Speaking of Raymond Chandler Veggiesu reminded me that while I may bandy around words like “Chandler-esque” I’ve never actually read any Chandler. To fix this problem I bought the first three Philip Marlowe novels in lovely matching covers. This is the first. To begin with I must confess that I find it impossible to read these books in anything other than Humphrey Bogart’s speaking voice, which some might view as a handicap but which suits me fine. Marlowe’s voice is just as laconic as his distant offspring Felix Castor, but if anything even more deadpan. His descriptions are detailed, factual, declarative, but laced with dry wit: “Neither of the two people in the room paid any attention to the way I came in, although only one of them was dead.”
Marlowe is unflappable, methodical, always moving forward but rarely pausing to explain himself to others. In interactions he’s often watchful, monosyllabic. He keeps his own counsel. He’s a character who emerges from the sum of his actions and observations, particularly in his strange mixture of compassion and indifference. Marlowe is a man of principle, but one who sees the world without illusions, for good or ill. He’s such an archetypal character that it’s easy to understand why he’s become so influential.
The setting is LA in the 1940s (reminding me, for obvious reasons, of Chinatown at times), ranging from the houses and clubs of the rich to seedy downtown streets and bars. Along the way there are rich men, spoiled daughters, crooks, gangsters, heavies, femme fatales, cops. Everything you’d reasonably expect. The storyline itself is an odd, meandering case of blackmail that segues into a missing persons case. There are several points at which the case seems finished and Marlowe could quite reasonably call it quits, but decides to push a little bit further. It’s something of a testament to the writing that the book survives this odd pacing. It helps that the characters are vivid, although it has to be said that the novel is a product of its time: its depiction of women and gay men is fairly unreconstructed. Likewise there are a few times that the meaning of comments or descriptions seems opaque, as if I lack the necessary context. It’s strange to think of reading an early twentieth century novel and needing annotations. At other times it seems startlingly modern, such as when Marlowe observes that modern Hollywood clubs are all indirect lighting, fused glass pictures, “chairs in violent leather”, and “polished metal tubing”.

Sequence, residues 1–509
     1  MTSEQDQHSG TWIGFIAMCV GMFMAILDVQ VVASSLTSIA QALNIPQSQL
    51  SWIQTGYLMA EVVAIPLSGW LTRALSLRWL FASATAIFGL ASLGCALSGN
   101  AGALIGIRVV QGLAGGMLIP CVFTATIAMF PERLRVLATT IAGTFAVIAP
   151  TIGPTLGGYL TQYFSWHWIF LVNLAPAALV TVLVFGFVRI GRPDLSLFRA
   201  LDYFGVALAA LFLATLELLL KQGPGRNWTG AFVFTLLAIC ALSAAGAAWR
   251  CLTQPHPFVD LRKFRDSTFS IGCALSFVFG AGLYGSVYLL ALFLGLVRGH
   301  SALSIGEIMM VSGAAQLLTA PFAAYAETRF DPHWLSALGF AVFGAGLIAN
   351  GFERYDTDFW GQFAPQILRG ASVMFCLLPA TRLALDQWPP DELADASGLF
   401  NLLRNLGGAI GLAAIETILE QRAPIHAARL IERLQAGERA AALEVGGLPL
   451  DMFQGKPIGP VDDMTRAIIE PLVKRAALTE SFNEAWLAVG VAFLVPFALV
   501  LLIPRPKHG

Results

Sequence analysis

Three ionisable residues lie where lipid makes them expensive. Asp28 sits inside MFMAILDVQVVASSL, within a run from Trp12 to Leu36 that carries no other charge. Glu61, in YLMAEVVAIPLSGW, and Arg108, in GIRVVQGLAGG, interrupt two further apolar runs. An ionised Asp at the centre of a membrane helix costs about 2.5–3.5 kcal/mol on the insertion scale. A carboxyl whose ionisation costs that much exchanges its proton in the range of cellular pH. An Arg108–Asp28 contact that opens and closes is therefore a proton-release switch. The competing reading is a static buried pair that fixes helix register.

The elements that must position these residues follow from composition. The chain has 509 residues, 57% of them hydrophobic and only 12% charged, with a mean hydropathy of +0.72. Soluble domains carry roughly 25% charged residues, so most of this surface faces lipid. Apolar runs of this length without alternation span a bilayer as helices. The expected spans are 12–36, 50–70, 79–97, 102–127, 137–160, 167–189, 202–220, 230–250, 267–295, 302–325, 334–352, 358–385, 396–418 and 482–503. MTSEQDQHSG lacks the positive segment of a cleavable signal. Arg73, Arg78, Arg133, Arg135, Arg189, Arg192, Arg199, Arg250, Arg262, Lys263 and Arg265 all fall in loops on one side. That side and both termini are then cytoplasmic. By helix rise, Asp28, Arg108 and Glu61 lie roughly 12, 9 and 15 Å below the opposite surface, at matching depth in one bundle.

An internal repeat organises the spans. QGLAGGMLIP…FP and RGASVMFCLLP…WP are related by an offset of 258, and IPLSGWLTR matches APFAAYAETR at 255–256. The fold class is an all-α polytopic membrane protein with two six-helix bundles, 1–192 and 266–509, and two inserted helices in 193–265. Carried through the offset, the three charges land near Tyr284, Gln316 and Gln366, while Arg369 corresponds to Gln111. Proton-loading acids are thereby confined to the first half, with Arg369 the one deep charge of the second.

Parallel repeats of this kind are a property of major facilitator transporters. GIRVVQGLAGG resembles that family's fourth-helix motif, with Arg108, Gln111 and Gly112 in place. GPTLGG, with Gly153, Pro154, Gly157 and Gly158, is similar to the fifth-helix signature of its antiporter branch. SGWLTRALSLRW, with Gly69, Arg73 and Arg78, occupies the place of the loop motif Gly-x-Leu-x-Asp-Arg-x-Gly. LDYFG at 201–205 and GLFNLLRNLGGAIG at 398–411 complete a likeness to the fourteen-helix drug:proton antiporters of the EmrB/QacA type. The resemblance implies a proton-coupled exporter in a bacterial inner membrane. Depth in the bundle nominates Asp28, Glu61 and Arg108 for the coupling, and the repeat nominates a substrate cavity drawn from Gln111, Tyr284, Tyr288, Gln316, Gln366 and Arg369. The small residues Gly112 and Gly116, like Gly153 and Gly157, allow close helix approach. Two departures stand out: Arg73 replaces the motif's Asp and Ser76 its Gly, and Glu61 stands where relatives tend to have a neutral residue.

On the whole a very enjoyable book. The plot is fine, but as with much detective fiction it’s really Marlowe that makes it work: his character, his voice, his personal code. I’ll definitely read the next few.